I had much more mixed feelings about Duel of the Ages. Fiddly, fiddly, fiddly! The interlocking map boards were badly warped in David's (new) copy, making the clever jigsaw idea totally unworkable. Trying to manouevre the fiddly little player markers over this warped wobbly and disconnected surface was enough to raise anyone's blood pressure. (Just emphasises to me how far the Americans are behind Germany these days in game production standards.) OK the core mechanics - basically a skirmish wargame - are solid enough, but the weird scenario is very very strange, and seems to be totally unexplained in the rules booklet. What the heck is going on? Genghis Khan running around with a laser rifle taking pot shots at Annie Oakley?? What are these towers? What is going on with the labyrinths? What does it all mean?? Not convinced, though I might possibly play it again, especially if someone figures out how to flatten the playing surface.

Friday, July 02, 2004 -- Real-time Internet Wargaming!: is a website devoted to the real-time play of sophisticated boardgames over the Internet. Programs now available for BtB, EE, H:RC, PoG, UF, WtP, and WW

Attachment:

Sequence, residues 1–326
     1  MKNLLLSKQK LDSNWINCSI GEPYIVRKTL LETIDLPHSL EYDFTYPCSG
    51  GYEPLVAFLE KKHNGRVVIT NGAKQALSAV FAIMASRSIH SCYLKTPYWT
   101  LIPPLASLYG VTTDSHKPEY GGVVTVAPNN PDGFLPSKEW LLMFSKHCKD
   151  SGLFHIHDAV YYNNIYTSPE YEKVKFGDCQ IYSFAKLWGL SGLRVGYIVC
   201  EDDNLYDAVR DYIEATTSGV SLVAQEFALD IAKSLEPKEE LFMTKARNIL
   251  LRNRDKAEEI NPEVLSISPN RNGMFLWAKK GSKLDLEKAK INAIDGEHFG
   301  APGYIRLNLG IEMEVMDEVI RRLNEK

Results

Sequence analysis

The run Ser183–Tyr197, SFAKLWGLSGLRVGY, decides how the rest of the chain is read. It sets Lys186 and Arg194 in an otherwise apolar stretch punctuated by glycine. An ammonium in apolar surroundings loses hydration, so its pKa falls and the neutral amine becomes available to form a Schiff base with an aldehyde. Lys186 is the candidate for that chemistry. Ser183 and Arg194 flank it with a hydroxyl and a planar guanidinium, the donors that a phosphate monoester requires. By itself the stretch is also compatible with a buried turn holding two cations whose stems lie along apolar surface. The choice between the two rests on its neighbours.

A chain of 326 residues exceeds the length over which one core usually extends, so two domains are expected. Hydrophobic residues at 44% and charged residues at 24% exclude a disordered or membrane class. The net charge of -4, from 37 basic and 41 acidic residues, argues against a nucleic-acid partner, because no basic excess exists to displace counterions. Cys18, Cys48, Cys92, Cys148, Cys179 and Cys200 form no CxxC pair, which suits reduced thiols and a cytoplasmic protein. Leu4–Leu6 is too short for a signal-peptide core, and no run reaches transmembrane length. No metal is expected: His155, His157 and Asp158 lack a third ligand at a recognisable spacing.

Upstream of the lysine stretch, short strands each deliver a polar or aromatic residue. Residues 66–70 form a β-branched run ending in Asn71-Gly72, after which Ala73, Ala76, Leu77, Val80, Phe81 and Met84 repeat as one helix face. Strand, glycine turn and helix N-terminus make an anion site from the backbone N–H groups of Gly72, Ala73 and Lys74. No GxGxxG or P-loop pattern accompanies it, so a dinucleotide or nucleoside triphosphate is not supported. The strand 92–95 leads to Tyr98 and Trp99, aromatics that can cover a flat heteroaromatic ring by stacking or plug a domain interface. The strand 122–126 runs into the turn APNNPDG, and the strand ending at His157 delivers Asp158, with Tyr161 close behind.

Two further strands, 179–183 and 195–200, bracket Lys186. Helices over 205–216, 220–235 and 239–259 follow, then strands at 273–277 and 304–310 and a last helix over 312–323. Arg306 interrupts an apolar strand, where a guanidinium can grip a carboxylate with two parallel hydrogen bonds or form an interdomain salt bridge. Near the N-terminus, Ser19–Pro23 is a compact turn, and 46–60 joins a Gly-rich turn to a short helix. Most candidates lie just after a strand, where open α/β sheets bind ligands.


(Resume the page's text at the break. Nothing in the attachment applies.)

I downloaded and had a quick play with the Europe Engulfed module. OK it has a somewhat 1980s interface, but it's pretty amazing to be able to play a complex game like this online at all.

Thursday, July 01, 2004

I met up with an old schoolmate last night, a guy that I haven't seen for oh.... 28 years. We talked about all sorts of things of course, but along the way Laurence confirmed Phil's favourite theory, that "You need to get a dog, Dad. Chicks go for guys with a dog." Ironically Laurence, because he is a happily married family man, is in a position to own a dog, and reports that he has discovered this whole dog-walking subculture which apparently is rich in nice-looking women who think he is a great guy because he looks after his dog. Ironic isn't it that I, who actually need to meet these nice dog-walking girls, am not in a position to own a dog because of my single life-style.
OK I admit it - I've been exploring the Wizards of the Coast website, where I found this article with some good advice that is applicable to all kinds of boardgaming, not just Magic. Forgotten Lore: Mind Over Magic: